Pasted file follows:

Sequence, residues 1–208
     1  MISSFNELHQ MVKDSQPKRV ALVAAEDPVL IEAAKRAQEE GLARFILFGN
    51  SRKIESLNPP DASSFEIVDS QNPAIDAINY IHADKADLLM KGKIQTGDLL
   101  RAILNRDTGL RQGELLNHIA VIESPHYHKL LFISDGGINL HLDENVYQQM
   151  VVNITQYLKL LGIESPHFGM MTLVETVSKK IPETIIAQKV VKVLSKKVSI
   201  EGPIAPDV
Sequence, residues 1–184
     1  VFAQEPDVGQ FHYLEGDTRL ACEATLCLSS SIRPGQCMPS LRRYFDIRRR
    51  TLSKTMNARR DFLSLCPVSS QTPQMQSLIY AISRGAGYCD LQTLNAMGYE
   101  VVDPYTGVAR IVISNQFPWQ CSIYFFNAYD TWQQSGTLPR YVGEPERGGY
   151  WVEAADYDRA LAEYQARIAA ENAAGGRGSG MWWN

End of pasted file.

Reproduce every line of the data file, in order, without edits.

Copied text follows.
Sequence, residues 1–208
     1  MISSFNELHQ MVKDSQPKRV ALVAAEDPVL IEAAKRAQEE GLARFILFGN
    51  SRKIESLNPP DASSFEIVDS QNPAIDAINY IHADKADLLM KGKIQTGDLL
   101  RAILNRDTGL RQGELLNHIA VIESPHYHKL LFISDGGINL HLDENVYQQM
   151  VVNITQYLKL LGIESPHFGM MTLVETVSKK IPETIIAQKV VKVLSKKVSI
   201  EGPIAPDV
Sequence, residues 1–184
     1  VFAQEPDVGQ FHYLEGDTRL ACEATLCLSS SIRPGQCMPS LRRYFDIRRR
    51  TLSKTMNARR DFLSLCPVSS QTPQMQSLIY AISRGAGYCD LQTLNAMGYE
   101  VVDPYTGVAR IVISNQFPWQ CSIYFFNAYD TWQQSGTLPR YVGEPERGGY
   151  WVEAADYDRA LAEYQARIAA ENAAGGRGSG MWWN